Since his escape from the Five Sisters Zoo in March, he has defied bird experts by surviving in the wilds for nearly three months.
But the purple glossy starling was finally captured yesterday in Burntisland and is now back home where his feathered friends welcomed him with open wings.
Lesley Coupar, of the West Calder-based zoo, said: “We are delighted to have him back safely and we are all amazed that he has survived this long in this freezing cold weather.
“If he had escaped in winter, he would almost certainly have perished.
“We didn’t think he would manage to get home and for a wee bird like this it has been quite an adventure.”
Making his survival even more remarkable, the native African bird is not adapted for cold climates, was reared in captivity and managed to evade predators despite his eye-catching plumage.
His journey, including a maiden flight across the Forth, is also unusual for a non-migratory species of starling not known for flying long distances. Burntisland is about 30 miles from West Calder as the crow might fly.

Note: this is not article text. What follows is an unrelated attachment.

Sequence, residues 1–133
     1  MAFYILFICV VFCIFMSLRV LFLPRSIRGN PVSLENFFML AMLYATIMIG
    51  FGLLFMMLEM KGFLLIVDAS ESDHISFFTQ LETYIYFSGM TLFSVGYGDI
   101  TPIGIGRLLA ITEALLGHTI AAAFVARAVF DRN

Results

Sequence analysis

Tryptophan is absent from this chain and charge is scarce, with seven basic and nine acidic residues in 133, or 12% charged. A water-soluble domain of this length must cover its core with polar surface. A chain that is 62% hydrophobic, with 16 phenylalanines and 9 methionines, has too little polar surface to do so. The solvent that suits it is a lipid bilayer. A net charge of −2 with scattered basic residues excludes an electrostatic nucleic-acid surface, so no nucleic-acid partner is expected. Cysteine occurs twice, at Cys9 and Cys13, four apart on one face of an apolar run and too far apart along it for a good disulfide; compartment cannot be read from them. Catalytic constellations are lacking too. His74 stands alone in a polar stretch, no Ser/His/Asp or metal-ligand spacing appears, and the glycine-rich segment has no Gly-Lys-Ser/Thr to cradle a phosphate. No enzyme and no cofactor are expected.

The bird, one of two breeding pairs of purple glossy starlings, flew out in mid-March after a storm tore a hole in his aviary. For two days he tried to get back in but, buffeted by strong winds, didn’t manage to find his original escape route.
Since then he has been spotted in Bathgate, the Gyle, Sheriffhall Roundabout and 47 miles from home in Dunbar before settling down in Burntisland on the Fife coast.
The bird had made its home in an open grassed area close to a road, with nearby trees and bushes affording cover. Wildlife lover Bruce Meldrum, 55, first spotted the bird about two weeks ago and had checked on it since.
But it was a friend who discovered the starling – which bears an identity tag – had escaped from the Five Sisters by looking on websites.
Mr Meldrum, from Burntisland, and zoo owner Brian Curran set a spring-loaded trap baited with food which finally proved successful yesterday.
He said: “I have been following its progress for a couple of weeks, making sure he’s fed and watered. But he has been surviving quite well and has become a bit of a local celebrity. You can’t miss him with his bright colours.
“The crows had a bit of a go at him, but he could take care of himself. The temperatures might have taken their toll if he had been there any longer”.